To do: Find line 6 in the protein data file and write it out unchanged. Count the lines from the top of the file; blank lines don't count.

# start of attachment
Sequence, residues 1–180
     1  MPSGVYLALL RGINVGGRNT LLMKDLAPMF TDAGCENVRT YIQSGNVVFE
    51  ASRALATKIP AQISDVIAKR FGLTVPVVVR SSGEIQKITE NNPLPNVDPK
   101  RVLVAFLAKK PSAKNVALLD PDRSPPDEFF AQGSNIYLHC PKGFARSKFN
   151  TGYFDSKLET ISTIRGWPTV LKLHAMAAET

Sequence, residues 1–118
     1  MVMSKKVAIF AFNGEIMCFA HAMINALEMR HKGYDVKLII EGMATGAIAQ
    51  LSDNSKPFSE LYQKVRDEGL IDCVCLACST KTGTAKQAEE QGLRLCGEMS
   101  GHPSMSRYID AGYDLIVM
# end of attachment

Sequence, residues 1–118